Z. ferox is only known from small, wingless females. The head is similar to those of queens of Z. tonsora, but they can be separated by the lack of ocelli and rugose patches found on the vertex. Only a single row of denticles is present, and the vertexal margin (seen posterodorsally) is concave. The mesosoma is smooth and contains a single spine, fovea (a pit or depression in a structure) or carina (a keel-like elevation on the body-wall of an insect). The posterior portion of the propodeal surface is concave; it is high and strongly angled. All legs have flattened femurs (the largest region of an insect's leg) and tibiae, and the tibiae are carinated both anteriorly and posteriorly. The gaster (the bulbous posterior portion of the metasoma) has five known segments. Like the queen, Z. ferox has a large, retractable stinger, in which the external part is enclosed by the gonostyli (sting sheaths).[8]

Z. ferox[edit]

Z. ferox mandibles

The body length of Z. ferox varies from 2.0 to 2.8 millimetres (0.079 to 0.110 in). The head in Z. ferox is broad and crescent-shaped when viewed dorsally. The frons (upper part of the insect face) is strongly convex, meaning it curves outwards and the vertexal margin concaves (curves in); it concaves either regularly or strongly. When viewing the full face, the clypeal margin (the border of the clypeus) is broad and concave. The sides are convex and small, yet protruding eyes are present. The posterior corners are round and the base of the ants' mandibles are concealed by the large expansion of the gena (area below the compound eyes, the insect equivalent to human cheeks). The clypeus is shallow and transverse, and 48 denticles that decrease in length can be seen on the clypeal margin. The denticles are peg-shaped with rounded apices. Dense spine-like setae cover the labrum (a flap-like structure in front of the mouth); these setae are organised into three rows. Each row, on average, contains around 20 setae which increase in length when they are ventral to the clypeus. The mandibles barely overlap medially, with a single large apical tooth and smaller subapical tooth present. The oral surface is covered in spicule-like setae, in which the inner setae are four times longer than the outer setae. The palps are short and the maxillary palps (sensory organs used for tasting and manipulating food) have five segments. The labial palps (counterparts of the maxillary palps used in sensory function for eating) presumably have three segments. The frontal carinae (a pair of cuticular ridges or flanges on the head) are absent in Z. ferox. The antennae are well separated and contain 12 antennomeres, and the scalps are also short; the toruli (socket in which the antenna of an insect articulates) is not significantly raised. The antennal scrobes (grooves in the side of the head) are shallow and project outwards from the antennal base and towards the ventral margin of the eyes.[8]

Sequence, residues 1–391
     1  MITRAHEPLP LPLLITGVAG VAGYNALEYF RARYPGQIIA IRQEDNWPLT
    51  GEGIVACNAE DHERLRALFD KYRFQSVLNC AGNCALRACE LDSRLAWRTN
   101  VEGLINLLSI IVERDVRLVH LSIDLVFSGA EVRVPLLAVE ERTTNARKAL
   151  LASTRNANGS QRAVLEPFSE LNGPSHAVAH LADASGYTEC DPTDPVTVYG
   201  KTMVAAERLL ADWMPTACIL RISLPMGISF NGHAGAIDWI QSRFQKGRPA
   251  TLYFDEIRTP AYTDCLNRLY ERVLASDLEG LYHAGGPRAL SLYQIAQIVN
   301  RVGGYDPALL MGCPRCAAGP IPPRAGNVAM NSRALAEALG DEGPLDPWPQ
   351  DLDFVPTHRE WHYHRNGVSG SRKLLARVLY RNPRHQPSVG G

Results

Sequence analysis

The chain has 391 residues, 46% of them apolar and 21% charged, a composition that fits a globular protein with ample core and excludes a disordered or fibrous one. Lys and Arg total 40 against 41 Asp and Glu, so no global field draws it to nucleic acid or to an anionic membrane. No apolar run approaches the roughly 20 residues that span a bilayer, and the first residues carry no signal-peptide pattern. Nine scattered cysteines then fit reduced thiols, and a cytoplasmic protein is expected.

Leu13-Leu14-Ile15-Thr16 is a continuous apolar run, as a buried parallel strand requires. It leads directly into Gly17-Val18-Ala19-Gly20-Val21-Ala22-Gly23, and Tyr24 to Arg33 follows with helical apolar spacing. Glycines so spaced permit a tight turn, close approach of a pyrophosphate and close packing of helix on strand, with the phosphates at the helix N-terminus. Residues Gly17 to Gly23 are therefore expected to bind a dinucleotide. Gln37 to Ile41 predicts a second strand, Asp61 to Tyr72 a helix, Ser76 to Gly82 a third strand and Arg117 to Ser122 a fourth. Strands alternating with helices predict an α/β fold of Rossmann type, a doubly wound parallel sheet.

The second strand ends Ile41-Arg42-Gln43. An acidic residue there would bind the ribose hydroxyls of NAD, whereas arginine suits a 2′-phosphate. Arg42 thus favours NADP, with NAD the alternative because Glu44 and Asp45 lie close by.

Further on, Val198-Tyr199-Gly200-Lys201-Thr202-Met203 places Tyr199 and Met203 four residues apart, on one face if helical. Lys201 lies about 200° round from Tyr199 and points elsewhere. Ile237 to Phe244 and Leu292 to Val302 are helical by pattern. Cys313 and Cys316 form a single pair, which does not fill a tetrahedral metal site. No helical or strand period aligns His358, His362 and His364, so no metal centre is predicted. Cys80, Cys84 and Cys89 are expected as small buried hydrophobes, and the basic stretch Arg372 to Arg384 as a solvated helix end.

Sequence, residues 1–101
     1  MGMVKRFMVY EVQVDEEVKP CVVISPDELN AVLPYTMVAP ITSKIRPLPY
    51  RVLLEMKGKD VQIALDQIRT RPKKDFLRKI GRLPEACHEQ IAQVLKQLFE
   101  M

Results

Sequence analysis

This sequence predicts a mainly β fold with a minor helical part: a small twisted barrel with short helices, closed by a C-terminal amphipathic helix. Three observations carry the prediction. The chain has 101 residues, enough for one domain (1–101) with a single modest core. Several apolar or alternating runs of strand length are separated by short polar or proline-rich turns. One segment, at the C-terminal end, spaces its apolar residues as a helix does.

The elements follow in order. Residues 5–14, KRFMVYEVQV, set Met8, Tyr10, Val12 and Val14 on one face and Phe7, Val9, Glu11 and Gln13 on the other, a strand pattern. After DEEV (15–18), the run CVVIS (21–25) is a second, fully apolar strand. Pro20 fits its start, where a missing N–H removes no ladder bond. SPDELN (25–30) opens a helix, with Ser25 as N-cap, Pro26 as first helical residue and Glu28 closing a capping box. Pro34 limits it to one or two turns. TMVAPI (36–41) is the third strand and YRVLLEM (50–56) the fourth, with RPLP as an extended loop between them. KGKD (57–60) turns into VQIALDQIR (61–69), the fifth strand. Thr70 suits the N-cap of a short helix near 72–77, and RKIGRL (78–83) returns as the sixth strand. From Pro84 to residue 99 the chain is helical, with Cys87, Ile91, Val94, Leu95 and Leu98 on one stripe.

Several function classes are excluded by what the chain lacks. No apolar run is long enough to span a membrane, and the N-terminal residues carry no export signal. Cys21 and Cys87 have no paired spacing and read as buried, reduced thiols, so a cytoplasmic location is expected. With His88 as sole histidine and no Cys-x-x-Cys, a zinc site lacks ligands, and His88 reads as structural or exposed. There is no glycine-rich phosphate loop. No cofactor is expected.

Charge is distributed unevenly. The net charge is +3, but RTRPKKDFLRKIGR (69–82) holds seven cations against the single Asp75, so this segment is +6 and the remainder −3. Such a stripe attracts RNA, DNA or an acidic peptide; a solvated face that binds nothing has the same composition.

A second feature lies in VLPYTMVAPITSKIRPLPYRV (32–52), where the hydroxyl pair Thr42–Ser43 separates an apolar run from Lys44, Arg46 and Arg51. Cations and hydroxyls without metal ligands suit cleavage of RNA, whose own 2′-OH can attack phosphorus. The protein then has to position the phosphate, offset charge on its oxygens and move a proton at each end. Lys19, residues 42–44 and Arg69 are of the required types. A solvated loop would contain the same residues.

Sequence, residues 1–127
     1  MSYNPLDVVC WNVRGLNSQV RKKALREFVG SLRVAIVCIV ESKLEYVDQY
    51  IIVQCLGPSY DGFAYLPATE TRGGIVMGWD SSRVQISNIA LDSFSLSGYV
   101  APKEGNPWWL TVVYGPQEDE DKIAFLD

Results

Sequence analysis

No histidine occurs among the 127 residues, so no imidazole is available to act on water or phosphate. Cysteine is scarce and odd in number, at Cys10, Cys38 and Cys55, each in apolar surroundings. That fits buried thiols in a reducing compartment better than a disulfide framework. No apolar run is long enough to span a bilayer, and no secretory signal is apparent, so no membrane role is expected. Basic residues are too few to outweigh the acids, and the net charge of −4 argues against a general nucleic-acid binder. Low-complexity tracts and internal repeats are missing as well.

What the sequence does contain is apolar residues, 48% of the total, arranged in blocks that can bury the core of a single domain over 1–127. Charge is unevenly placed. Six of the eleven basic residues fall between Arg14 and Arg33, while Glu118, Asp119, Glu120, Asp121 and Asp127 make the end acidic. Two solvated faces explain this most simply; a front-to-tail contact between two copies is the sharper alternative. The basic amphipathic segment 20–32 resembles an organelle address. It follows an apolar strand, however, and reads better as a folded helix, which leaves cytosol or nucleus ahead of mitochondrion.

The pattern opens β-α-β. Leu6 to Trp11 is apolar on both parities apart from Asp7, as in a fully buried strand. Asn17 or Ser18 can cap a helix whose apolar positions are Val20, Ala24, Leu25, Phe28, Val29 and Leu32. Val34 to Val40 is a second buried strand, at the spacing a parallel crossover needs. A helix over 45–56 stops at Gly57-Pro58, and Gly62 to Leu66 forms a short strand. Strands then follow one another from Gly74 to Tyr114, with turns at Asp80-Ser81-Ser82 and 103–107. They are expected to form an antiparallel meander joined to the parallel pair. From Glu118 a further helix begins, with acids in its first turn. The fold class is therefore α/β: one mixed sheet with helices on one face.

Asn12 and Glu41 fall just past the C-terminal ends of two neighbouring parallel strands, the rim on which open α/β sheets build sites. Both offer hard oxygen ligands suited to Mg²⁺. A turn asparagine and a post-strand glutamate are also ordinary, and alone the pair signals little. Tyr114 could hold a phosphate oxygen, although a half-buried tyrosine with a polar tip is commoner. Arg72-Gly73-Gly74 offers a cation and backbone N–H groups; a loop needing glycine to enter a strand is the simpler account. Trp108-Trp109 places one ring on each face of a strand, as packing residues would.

Z. ferox profile view

The mesosoma is half as broad than the head when viewed dorsally. The junction of the mesoscutellum (middle part of the scutellum) and the propdeums dorsal surface are indistinct; on two Z. ferox specimens, these body parts are slightly angled. The propodeal dorsums posterior margin is concave. The propleuron (the lateral exoskeletal plate of the prothorax) is well developed and the mesopleuron (the lateral exoskeleton plate of the mesothorax) is separated from the rest of the mesosoma by distinct sulci (deep grooves of the head). The propodeum is high and the propodeal spiracles (external openings) are slit-like and located around the mid-regions of the propodeal sides. The opening of the metapleural gland is semicircular and the metapleural bulla (the reservoirs) is developed. On the legs, the femora and tibiae are flattened and tibiae with anterior and posterior margins are bordered by a carina. The trochantellus (proximal end of the femur) is found on all legs, and the forelegs have patches of dense and elongated setae. The protibia has three spurs; the large spur ("calcar") is curved and the other two spurs are just as long as the calcar. Pretarsal claws are present with a subapical tooth.[8]

The gastral segments have small constrictions between the first and second segments. The stinger is long but largely internalized, and it is also stout and slightly upcurved apically. The external parts are enclosed by the gonostyli, and the sting bulb is large. The integument (a protective outer layer) is rugose throughout except on the legs and gaster. The dorsofrontal area of the head (the back of an insect), and the dorsal surfaces of the gaster, mesosoma and petiole are covered by erect hairs, and slightly longer hairs are present on the ventral regions of the mesosoma and gaster. The apical segments of the gaster have a greater density of setose (bristles) with longer decumbent hairs (meaning that these hairs are lying down).[8]